For Phase I of the SBIR “An Open Source Digital Pathology System Supporting Multi-Touch Interaction,” Kitware will develop a freely-available, open-source system for processing slide image data for integration of digital pathology into hospital-wide clinical information systems. This system will help digitalize pathology and incorporate the images into electronic medical records, allowing for quicker, more efficient patient care.

The Phase I grant “Large-Scale Time Lapse Imaging to Monitor Neuroplasticity and Circuit Function” will include development of an open-source system for managing the acquisition, storage, and retrieval of massive time-lapse microscopy datasets.

Charles Law will lead both projects as the principle investigator. Dr. Law’s work demonstrates Kitware’s longstanding commitment to applying open-source systems to solving timely biomedical research challenges.

Open Source Class at RPI – Version 5.0

This year Kitware continues with the fifth version of the Open Source Software Practices class at the Rensselaer Polytechnic Institute (RPI) in Troy, NY.  There are 34 registered computer science and electrical engineering students who will be learning about the many aspects of open source software. We will cover legal aspects such as copyrights, patents, trademarks and software licensing; engineering aspects such as revision control systems, quality assurance and community collaboration;  economics aspects leading to successful business models; and social aspects related to human motivation, creativity, innovation and civil responsibility.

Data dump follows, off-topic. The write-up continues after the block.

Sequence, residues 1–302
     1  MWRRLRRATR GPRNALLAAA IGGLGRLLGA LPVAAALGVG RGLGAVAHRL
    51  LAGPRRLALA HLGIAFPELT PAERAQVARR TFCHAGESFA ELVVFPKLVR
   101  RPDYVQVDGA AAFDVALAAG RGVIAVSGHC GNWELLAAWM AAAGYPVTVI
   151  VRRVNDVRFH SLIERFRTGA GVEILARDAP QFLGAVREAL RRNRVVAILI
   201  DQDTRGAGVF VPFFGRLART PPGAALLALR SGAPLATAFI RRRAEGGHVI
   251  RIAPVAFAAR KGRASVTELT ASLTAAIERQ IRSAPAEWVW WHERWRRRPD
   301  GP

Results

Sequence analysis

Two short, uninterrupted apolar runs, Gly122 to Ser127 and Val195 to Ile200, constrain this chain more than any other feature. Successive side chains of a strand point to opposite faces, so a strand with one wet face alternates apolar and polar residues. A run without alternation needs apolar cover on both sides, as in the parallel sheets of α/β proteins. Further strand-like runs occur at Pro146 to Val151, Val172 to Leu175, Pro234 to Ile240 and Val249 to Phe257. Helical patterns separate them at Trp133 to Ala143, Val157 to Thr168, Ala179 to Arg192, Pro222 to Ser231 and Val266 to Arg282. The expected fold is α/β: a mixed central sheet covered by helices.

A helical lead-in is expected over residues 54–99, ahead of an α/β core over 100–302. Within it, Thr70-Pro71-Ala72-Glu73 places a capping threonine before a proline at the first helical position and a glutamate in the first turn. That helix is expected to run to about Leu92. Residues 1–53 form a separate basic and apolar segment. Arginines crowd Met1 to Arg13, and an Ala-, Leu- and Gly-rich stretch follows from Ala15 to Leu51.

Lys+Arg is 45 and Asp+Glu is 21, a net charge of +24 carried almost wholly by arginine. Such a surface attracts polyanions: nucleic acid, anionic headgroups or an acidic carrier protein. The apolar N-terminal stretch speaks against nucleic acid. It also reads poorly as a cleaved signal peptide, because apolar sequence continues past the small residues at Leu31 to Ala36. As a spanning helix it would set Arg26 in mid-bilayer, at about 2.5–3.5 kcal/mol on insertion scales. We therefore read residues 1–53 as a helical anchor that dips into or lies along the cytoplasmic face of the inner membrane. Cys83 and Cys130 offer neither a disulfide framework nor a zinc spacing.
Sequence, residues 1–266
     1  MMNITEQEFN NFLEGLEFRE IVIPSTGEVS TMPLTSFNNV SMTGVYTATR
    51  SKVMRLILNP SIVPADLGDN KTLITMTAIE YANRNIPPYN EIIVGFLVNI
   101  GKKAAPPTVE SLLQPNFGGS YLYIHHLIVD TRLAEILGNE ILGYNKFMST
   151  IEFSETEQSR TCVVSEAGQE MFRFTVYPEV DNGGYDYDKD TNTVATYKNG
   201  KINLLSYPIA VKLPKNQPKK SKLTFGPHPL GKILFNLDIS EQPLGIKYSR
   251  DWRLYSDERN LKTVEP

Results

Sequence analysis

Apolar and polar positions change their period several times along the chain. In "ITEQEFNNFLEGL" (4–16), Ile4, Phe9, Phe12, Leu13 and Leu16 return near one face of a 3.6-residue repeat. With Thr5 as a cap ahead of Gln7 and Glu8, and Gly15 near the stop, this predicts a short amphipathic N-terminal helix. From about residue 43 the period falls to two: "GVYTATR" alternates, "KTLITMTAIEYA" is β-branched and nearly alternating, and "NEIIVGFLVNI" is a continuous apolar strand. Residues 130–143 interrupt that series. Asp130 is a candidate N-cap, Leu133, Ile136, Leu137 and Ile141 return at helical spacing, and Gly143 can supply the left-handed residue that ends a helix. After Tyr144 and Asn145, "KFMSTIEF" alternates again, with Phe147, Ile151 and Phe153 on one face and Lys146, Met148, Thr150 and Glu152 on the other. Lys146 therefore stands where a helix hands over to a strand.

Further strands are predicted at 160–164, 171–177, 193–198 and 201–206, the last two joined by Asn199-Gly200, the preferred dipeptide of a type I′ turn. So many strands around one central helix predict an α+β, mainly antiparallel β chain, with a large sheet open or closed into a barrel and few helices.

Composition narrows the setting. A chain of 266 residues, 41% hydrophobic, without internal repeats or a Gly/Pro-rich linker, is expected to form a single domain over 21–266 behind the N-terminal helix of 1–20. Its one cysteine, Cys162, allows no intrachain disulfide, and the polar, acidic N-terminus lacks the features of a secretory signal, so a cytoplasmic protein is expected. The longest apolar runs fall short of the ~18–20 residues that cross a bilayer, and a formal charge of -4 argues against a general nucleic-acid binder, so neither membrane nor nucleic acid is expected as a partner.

One of the novelties of this version 5.0 is that the class started using the Open Source course management system Moodle,  to enable students to share teaching materials and to present tests directly in the system.

The class is an activity sponsored by the Rensselaer Center for Open Source (RCOS) and the result of the indefatigable support of Professor Khrisnamoorthy.  The class also got its own website [1], from which students get access to the Moodle system and to the class Wiki [2]. We started hosting the lectures in github [3], and students are now using LaTeX and the Beamer package. As in previous instances of the class, all the teaching materials are distributed under the Creative Commons by Attribution license 3.0.

Thanks to the Kitware employees who volunteer their time to share their experience, in particular Will Schroeder, Bill Hoffman, Marcus Hanwell and Yvette Fitzgerald.
[1] http://www.opensourcesoftwarepractice.org
[2] http://public.kitware.com/OpenSourceSoftwarePractice/index.php/Fall2011/Main_Page
[3] https://github.com/luisibanez/OpenSourceSoftwarePracticeCourse

Continue to Kitware News Part II.

Questions or comments are always welcome!